- Paperback: 213 pages
- Publisher: Sunburst Books; Reprint edition (8 Sept. 2003)
- Language: English
- ISBN-10: 0374408874
- ISBN-13: 978-0374408879
- Product Dimensions: 12.7 x 1.3 x 20.3 cm
- Average Customer Review: 4.0 out of 5 stars See all reviews (1 customer review)
- Amazon Bestsellers Rank: 7,716,168 in Books (See Top 100 in Books)
The Boy in the Burning House Paperback – 8 Sep 2003
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More About the Author
"Wynne-Jones builds an action-packed thriller around the mysterious disappearance of a Canadian farmer . . . His son, Jim, starts to suspect foul play . . . after a teenage acquaintance, "crazy" Ruth Rose, makes some startling accusations . . . Will keep the pages turning." "--Publishers Weekly" "Wynne-Jones weaves a strong, sensitively observed cast, plus themes of inner conflict, unlikely friendships, and the enduring power of hate, into a powerful tale."" --Kirkus Reviews" "A gripping, fast-moving plot that offers the pure adrenaline rush of a thriller." --Starred, "The Horn Book" --This text refers to the Hardcover edition.
About the Author
Tim Wynne-Jones was born in Cheshire, but has lived in Canada since he was three, where he now has a considerable reputation and following. The Boy in the Burning House is the first of his books to be published in the UK. It has won the Crime Writers of Canada's Arthur Ellis Award and the prestigious 'Edgar' Trophy for the best mystery story of the year for young adults, voted for by the Mystery Writers of America. Tim has twice won the Canadian Library Assocation's Book of the Year for Children Award, as well as the Boston Globe-Horn Book Award for Fiction. --This text refers to an alternate Paperback edition.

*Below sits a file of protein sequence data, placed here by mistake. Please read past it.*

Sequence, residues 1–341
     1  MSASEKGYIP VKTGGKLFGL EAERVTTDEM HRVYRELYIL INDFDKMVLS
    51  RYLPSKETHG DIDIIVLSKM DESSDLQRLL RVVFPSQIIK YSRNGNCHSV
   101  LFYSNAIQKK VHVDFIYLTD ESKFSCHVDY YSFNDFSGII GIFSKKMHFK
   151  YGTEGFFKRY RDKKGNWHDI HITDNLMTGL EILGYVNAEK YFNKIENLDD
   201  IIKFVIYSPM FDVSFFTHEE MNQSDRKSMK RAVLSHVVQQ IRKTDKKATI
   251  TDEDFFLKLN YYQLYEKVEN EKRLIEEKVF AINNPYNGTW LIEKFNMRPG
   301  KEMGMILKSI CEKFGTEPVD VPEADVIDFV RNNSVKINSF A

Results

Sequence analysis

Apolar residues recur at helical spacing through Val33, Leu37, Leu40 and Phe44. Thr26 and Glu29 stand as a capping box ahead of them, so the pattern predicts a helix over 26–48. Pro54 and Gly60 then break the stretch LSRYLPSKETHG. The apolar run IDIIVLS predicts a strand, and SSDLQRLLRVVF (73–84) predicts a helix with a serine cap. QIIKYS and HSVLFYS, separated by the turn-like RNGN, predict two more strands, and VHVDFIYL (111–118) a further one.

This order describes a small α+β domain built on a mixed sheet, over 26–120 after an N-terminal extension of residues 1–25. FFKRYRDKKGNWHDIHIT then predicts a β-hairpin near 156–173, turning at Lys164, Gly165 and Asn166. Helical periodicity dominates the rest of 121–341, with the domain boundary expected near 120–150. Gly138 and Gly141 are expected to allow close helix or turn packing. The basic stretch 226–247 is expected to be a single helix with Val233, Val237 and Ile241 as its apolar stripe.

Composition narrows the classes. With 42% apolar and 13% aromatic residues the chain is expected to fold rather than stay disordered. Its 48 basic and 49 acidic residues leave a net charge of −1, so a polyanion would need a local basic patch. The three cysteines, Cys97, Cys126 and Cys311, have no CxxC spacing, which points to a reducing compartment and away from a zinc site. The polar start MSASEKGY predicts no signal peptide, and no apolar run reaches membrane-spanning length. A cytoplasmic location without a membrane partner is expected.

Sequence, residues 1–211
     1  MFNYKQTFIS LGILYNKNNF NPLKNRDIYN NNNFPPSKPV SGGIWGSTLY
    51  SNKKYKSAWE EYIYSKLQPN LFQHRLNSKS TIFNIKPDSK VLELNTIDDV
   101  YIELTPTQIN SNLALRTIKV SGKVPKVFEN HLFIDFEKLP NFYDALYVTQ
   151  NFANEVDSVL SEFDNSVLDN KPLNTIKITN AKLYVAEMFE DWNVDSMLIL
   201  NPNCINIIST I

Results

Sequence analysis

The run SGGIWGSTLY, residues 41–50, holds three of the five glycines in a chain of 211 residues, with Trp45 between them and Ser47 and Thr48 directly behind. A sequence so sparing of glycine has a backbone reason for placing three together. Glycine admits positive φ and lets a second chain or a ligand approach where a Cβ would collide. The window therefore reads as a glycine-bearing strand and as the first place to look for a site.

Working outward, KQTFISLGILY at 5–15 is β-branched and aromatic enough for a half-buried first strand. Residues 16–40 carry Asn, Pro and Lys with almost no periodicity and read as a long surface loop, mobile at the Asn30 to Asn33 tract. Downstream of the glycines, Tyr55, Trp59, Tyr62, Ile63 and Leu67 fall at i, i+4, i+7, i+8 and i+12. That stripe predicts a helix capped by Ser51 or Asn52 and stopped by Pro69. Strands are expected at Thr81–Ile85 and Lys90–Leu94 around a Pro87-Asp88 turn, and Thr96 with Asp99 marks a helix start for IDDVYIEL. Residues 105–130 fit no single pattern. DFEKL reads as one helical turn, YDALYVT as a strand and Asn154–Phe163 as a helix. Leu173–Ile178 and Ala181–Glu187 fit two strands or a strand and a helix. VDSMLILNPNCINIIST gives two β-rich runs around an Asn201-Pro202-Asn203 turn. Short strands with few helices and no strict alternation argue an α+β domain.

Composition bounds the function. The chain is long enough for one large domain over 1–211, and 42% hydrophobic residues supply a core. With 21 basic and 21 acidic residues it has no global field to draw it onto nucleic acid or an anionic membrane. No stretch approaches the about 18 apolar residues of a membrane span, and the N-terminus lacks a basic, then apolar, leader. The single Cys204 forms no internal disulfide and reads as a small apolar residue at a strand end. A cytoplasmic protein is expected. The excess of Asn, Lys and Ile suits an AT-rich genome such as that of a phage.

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Top Customer Reviews
Jim Hawkins is trying to rebuild his life with his mother, after the disappearance of his father. Ruth Rose is the wild and seemingly mentally peculiar stepdaughter of a local preacher.Ruth thinks she knows the the truth behind Hub Hawkins' disappearance, and tries to convince Jim - much against his will - to believe her. Gradually, it emerges that this and another local mystery - the body of a local boy found in the burnt-out wreckage of a derelict farmhouse - are linked, and Father Fisher is not what he seems.
The characterisation in this taut tale is terrific, the author gets inside the teenage mind, and the story really sucks the reader in. I found it impossible to put down, and read it at one gulp. It is a story that gets darker as it moves on, and the climax, when Jim and Ruth Rose confront a truly dangerous and evil man, is satisfactorily frightening! The author writes in a style that I particularly admire - never wasting a word, or using half a page when one sentence will do.
This book will appeal to competent teenage readers, but I have never subscribed to the theory that a book is necessarily only good for readers of the same age as the main characters. As an adult reader I thoroughly enjoyed it!
Most Helpful Customer Reviews on Amazon.com (beta)
The story revolves around a 14 year old loner named Jim, whose father disappears under mysterious circumstances, and is presumed to have committed suicide. While the boy and his mother struggle with the day to day challenges that inevitably result, the boy meets up with Ruth Rose, a very unusual and erratic teen, who believes her stepfather is a murderer. Jim doesn't want to get involved in Ruth Rose's rantings, but he can't help but get drawn into the mystery.